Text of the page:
Dynamic Programming Solver Solution - Value Iterations

Value iterations find the optimum actions at each step for a finite sequence of steps. As the iterations progress, the policy converges to the optimum for the infinite horizon problem. The state NPW values and probabilities converge to the values for the optimum policy. Several vectors describe the states of the system.

The previous page found the NPW and probability vectors for a specified action policy. On this page we try to find the infinite-horizon optimum policy and the corresponding NPW and probability vectors.

Value Iterations when the Policy is not Fixed

For these iterations the action is optimized at each step. The equation below solves for the optimum action at each state based on the state NPW computed in the previous step. There are N independent optimization problems and each is solved by enumerating all possible actions. The optimum policy is the one that obtains the minimum NPW for each state.

 The add-in performs the required minimization with Value iterations. When the Fix Policy button is not checked, the policy is optimized at each iteration. For these iterations we click the Value button on the dialog. The Show Iterations selection indicates whether intermediate results are to be saved. The Final Value and Initial Probabilities options determine the starting conditions for the process. Again we use the Bulb replacement problem for the example.

Step 0 holds the solution with the initial values specified. Note that column G contains indices from the Decision List. The decision list has a row for each state and action combination. For this case there are five states and two actions per state. Thus we have ten rows in the decision list. The transition probability matrix has ten rows and five columns. The indices in column G point to the rows that define the optimum actions for the first step. Thus we see in G14 the index 2, and that row in the decision list shows the action to be 2 when in state 1. The other rows indicated in column G are 4, 6, 8, and 10. We can see from these rows that the optimum is to follow action 2, the Replace action in every state. The optimum depends on the entries in the green range of row 8. These are the initial NPW values specified by the dialog.

By using only the rows specified by the optimum decision index, the matrix of transition probabilities has only 5 relevant rows and 5 columns. This matrix determines unique state values and state probabilities for the initial step.

To make an iteration, the program copies the State Value vector (column M) and pastes the transpose of the values into the vector Next Value (row 8). Similarly the program copies the vector State Prob. (row 9) and pastes the transpose of the values into the vector Last Prob. (column N). The results are shown below.

The program automatically discovers the optimum policy to inspect while in states 1 through 3, and to replace when in states 4 and 5. The optimization step is automatically accomplished with Excel formulas in the yellow ranges of the worksheet. The VBA code of the add-in performs the copy and paste operations described in the last paragraph to implement an iteration.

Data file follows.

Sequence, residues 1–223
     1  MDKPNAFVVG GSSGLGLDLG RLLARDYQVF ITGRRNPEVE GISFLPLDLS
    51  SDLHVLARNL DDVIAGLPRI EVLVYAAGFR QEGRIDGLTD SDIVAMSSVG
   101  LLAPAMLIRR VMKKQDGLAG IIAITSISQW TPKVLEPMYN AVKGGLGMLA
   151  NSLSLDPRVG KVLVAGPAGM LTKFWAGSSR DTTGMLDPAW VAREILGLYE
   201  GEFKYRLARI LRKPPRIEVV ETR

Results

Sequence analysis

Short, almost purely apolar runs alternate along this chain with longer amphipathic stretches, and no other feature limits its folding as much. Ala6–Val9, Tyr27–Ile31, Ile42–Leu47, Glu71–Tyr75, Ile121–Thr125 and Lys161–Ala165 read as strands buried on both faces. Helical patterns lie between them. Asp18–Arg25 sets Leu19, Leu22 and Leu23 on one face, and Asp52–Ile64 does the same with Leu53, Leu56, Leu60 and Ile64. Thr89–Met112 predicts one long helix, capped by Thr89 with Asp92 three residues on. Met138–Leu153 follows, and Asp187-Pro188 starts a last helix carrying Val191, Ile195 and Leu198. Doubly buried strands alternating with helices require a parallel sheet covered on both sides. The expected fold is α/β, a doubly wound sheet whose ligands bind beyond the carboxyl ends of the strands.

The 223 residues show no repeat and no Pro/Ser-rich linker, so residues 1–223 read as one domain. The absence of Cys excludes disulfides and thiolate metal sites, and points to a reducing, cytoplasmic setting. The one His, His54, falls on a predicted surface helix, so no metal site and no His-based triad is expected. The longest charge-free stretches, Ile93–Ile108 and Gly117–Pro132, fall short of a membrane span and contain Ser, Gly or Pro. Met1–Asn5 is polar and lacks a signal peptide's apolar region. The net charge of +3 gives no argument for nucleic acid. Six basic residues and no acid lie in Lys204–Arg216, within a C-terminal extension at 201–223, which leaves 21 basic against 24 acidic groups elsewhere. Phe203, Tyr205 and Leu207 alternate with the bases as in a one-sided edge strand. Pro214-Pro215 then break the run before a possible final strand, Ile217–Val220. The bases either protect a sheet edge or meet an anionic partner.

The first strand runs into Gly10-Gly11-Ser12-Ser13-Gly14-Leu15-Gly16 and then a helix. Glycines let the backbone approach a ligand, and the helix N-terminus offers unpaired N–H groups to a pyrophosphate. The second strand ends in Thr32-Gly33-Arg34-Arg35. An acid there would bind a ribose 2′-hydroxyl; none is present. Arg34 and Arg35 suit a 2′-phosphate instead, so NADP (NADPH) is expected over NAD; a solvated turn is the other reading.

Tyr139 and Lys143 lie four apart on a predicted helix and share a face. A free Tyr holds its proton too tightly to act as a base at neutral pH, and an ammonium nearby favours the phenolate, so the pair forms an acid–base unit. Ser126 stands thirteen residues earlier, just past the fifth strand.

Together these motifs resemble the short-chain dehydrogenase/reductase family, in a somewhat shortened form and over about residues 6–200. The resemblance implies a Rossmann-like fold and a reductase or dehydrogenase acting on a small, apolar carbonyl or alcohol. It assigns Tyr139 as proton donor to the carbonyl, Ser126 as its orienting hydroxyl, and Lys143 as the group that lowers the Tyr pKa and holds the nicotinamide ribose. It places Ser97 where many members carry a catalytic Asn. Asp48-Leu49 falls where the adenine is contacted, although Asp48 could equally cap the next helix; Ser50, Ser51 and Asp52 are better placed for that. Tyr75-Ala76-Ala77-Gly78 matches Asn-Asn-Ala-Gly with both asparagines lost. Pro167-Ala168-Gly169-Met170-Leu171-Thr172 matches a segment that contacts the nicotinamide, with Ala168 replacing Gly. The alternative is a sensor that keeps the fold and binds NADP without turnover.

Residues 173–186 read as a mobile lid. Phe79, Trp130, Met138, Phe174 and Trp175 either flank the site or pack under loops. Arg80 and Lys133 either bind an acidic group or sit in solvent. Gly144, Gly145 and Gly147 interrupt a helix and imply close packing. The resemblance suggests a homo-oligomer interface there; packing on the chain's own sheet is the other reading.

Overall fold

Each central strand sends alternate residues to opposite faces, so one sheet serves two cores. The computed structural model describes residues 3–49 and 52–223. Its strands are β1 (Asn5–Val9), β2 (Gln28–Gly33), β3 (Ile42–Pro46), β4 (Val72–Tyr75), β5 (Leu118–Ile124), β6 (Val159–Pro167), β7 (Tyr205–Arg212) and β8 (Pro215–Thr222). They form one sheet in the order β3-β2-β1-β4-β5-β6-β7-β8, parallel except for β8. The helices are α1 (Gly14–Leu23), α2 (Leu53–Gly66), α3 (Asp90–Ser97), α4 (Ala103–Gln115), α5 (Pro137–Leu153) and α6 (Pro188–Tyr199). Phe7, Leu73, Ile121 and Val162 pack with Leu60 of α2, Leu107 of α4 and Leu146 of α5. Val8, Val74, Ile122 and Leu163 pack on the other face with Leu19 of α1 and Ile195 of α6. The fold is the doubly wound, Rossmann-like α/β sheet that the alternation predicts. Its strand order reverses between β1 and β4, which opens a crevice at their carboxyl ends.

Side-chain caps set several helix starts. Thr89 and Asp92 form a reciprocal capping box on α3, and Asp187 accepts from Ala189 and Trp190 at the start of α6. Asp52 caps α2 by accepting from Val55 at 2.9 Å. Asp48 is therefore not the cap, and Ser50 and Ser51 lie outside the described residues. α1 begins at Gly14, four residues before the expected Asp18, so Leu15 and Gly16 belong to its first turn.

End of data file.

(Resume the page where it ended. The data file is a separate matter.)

The program continues through 8 iterations to obtain the sequence of results shown below. The state values and state probabilities change at each step. The policy appears to converge to the policy shown for step 8. Although the values and probability vectors seem to be converging, the results have clearly not obtained the steady-state values.

The values after 100 more steps indicate that the probabilities are very close to steady-state. While the state values are close, they still have not converged to their limit. This is typical with the value iteration process. The optimum action is found rather early in the iteration sequence, however the NPW values take a long time to converge. The probabilities converge rather quickly for most problems.

Note that the optimum actions select the rows 1, 3, 5, 8, and 10 from the decision list. When extracted from the decision list these rows define a Markov Chain.

Markov Chain

The figure below shows the upper left corner of the worksheet after 110 iterations. Click on the Make Markov Chain button to build a Markov Chain model. The Markov Analysis add-in must be installed for this to be accomplished.

The selected rows are transferred into the DTMC matrix. The cost data and discount rate are transferred to the Economics page. After analysis, states 0 through 3 are identified as a single class of recurrent states. State 4 is a transient state. Note that the Markov Analysis indices start at 0 rather than 1 as for the DP Solver page.

Steady-state analysis of the Markov Chain produce the results below. The steady-state probabilities are quite close to the results obtained with the DP Solver. The expected NPW values are quite different since convergence of the state values is slow. Another 1000 iterations will find the two results to be much closer.

Markov Analysis is often useful to analyze the policy obtained with the DP Solver add-in. In addition to steady-state analysis, the Markov Analysis add-in allows several other useful tools. The next page considers the Policy iteration method. This method finds steady-state values that are the same as those obtained with Markov Analysis.

Operations Research Models and Methods
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by Paul A. Jensen